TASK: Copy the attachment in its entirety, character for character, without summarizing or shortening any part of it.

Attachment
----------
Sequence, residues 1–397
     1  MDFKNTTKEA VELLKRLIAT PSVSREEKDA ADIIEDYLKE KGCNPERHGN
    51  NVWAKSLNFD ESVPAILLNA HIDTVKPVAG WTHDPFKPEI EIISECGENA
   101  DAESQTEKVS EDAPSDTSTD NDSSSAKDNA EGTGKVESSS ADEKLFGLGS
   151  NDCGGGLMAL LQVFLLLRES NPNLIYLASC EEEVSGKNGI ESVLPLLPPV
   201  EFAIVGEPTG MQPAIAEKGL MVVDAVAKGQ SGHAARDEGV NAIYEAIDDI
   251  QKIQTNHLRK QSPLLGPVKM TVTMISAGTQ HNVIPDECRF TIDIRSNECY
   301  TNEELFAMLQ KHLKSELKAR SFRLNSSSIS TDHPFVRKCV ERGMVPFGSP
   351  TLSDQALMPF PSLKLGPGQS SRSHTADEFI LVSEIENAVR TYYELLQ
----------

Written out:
Sequence, residues 1–397
     1  MDFKNTTKEA VELLKRLIAT PSVSREEKDA ADIIEDYLKE KGCNPERHGN
    51  NVWAKSLNFD ESVPAILLNA HIDTVKPVAG WTHDPFKPEI EIISECGENA
   101  DAESQTEKVS EDAPSDTSTD NDSSSAKDNA EGTGKVESSS ADEKLFGLGS
   151  NDCGGGLMAL LQVFLLLRES NPNLIYLASC EEEVSGKNGI ESVLPLLPPV
   201  EFAIVGEPTG MQPAIAEKGL MVVDAVAKGQ SGHAARDEGV NAIYEAIDDI
   251  QKIQTNHLRK QSPLLGPVKM TVTMISAGTQ HNVIPDECRF TIDIRSNECY
   301  TNEELFAMLQ KHLKSELKAR SFRLNSSSIS TDHPFVRKCV ERGMVPFGSP
   351  TLSDQALMPF PSLKLGPGQS SRSHTADEFI LVSEIENAVR TYYELLQ